HP and its users heat up Vegas again
June 16, 2008
There used to be a saying that an HP user group's hottest moment was the HP Management Roundtable, where HP executives took the heat from users. In the modern world of HP as the world's No. 1 computer company, the heat is all around this now-fixed meeting in Las Vegas, the Nevada desert's theme park for all manner of games.
The fourth HP Technology Forum started today with pre-conference training sessions on topics like the ITIL information technology practices, a kickoff expo floor reception and the meeting of media writers and the HP executives on hand. We writers and HP VPs come together in modest rooms deep in the innards of one of the strip's biggest hotel-casino-convention centers. Outside my window here in the wide halls between session rooms, a pool with a sand beach beckons under 107-degree sun.
That won't impress me too much this week, on a journey from a Texas where the Austin heat has soared above 100 every day since this month began. But we don't have the heat of meetings or the warm gathering of collegues and comrades that you find in a user group conference. Despite the overwhelming number of Hewlett-Packard attendees, this is still a conference of users. They are the reason HP turns out in a show of force unparalleled in the rest of its fiscal year.
The Big Three — CEO Mark Hurd, Executive VP Ann Livermore and Chief Technology Office Randy Mott — all speak tomorrow morning. Meanwhile, a volunteer who's not an employee of HP, Nina Buik, oversees the effort and engagements as the president of Connect, the alliance of user groups which will unveil its logo and some plans this evening on that expo floor.
HP 3000 partners, sponsors and suppliers take a place on that expo floor as well as in some of the session rooms. MB Foster, Speedware, Bay Pointe Technology, The Support Group, Transoft and DB-Net all have booths on the floor of varying sizes. Also on the floor are the suppliers Logicalis, Canvas Systems and Canvas Systems. Cognos is on the expo floor as well, maybe the only direct competitor to HP to show its wares. Cognos, after all, has been a part of IBM since this spring.
In an interview with Buik, who's heading up the user group for the third straight year, she noted that advocacy is a word that's been replaced with "community voice." It's a less confrontational approach in a world where a company like HP has been hundreds of billions of dollars large, while its special interest members represent a small share of HP's mind.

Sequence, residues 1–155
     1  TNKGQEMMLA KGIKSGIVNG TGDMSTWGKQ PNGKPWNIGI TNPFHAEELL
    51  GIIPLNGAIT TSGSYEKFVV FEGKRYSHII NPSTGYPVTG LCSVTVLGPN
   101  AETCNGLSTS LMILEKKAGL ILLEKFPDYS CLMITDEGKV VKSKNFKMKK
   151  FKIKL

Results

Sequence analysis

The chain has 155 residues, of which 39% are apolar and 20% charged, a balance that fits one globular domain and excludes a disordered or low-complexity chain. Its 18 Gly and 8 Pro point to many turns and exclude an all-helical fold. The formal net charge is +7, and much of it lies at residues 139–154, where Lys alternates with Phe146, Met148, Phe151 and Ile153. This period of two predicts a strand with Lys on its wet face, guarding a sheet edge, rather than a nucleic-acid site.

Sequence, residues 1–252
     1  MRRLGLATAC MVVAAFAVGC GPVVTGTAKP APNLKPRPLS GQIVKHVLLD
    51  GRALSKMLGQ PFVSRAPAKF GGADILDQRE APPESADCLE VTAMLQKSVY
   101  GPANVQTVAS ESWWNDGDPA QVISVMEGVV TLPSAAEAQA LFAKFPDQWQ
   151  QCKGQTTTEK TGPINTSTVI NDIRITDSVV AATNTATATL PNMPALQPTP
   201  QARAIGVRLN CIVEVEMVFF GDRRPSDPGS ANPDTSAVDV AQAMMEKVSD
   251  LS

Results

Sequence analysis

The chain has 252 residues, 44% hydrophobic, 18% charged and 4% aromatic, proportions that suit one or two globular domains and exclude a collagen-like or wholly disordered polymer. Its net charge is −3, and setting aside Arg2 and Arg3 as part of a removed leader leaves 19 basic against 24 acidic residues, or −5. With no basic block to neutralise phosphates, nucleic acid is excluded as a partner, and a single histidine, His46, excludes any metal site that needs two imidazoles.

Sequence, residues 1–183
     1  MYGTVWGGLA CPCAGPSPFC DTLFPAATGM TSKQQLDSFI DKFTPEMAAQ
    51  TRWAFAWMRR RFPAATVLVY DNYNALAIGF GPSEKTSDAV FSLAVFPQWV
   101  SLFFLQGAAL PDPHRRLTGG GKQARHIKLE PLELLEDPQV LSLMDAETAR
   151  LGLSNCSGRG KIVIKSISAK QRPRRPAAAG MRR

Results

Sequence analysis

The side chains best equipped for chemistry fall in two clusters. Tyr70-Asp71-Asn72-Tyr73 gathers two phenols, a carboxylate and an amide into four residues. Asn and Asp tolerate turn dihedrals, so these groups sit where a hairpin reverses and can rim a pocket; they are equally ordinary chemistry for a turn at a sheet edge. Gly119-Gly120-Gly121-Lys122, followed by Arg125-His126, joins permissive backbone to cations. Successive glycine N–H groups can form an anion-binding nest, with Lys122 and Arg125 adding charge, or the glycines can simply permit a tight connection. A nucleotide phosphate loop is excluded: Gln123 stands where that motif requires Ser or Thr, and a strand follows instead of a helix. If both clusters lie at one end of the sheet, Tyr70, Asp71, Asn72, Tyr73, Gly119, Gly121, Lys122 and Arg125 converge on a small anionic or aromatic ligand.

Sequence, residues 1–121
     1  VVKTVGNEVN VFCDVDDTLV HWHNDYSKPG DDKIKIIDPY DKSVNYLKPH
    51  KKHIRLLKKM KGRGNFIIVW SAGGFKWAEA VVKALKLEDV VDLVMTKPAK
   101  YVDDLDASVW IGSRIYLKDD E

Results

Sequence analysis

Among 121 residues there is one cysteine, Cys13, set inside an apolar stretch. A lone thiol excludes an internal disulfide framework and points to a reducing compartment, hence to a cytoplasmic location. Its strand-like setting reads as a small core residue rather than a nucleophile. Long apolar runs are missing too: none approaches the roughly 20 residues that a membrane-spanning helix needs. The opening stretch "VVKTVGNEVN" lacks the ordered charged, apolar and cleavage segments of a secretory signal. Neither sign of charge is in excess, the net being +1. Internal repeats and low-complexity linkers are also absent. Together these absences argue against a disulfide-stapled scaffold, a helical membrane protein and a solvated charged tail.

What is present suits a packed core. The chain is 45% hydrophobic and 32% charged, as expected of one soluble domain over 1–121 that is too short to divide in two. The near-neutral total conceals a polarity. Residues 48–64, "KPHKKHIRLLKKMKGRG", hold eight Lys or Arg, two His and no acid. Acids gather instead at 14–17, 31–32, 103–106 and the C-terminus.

That mindshare grows large, however, while you consider how much of HP's solutions a customer could be using. Blade servers, storage, services ranging from enterprise product support to professional consulting a la EDS, the PCs and laptops, the software that HP has acquired (like Mercury Interactive) or built itself — it's a big universe out there.
So we can all grow nostalgic and wonder if the old model of user group meeting — with every attendee concerned with HP's business servers, HP 3000s or HP 9000s, pushing for advocacy of business and technology decisions by HP — was the better meeting to attend. So much has changed since then, from HP and the way the company spreads its technology across partners and throughout technologies and solutions, to the share of voice a few thousand customers could command with a company that was already more than $50 million large in the waning days of Interex conferences.
When you say "HP" these days you describe an organization of more than 200,000 employees, a group so big that Buik described it like her earliest days as an undergraduate at the University of Georgia. "That was a 30,000-student place," she said. "I was in a sorority, which helped me connect with such a large organization."
Connect — the alliance of Encompass, Interex-Europe and the ITUG user groups — intends to be that fraternity to help the "D-level" customer have a voice with HP. The D-level, director-level IT pros are Connect's "sweet spot," Buik said during a half-hour briefing with me. "Our sweet spot is with people in the trenches," so the user community will open up a social networking site created by Leverage Software, a company "which specializes in these kinds of online solutions."
Special Interest Groups (SIGs) will be a feature of the Connect online community, something a user can start up. So if you tick a box to report you use HP 3000s, the software is supposed to locate others on the site who share your experience. Best of all, sharing the community social networking experience will be free and open to everyone, regardless of Connect membership or not.
In part, the openness is motivated by the need for user-generated content. But Buik was also careful to point out that HP monitor chatter on the SIGs, much as does today on the HP 3000 newsgroup and mailing list. The difference might lie in the level of HP employee doing the monitoring and responding. Bigger groups, closer in partnership with HP, show a promise of results — although you need to take action, as Buik says, because "hope is not a good business strategy."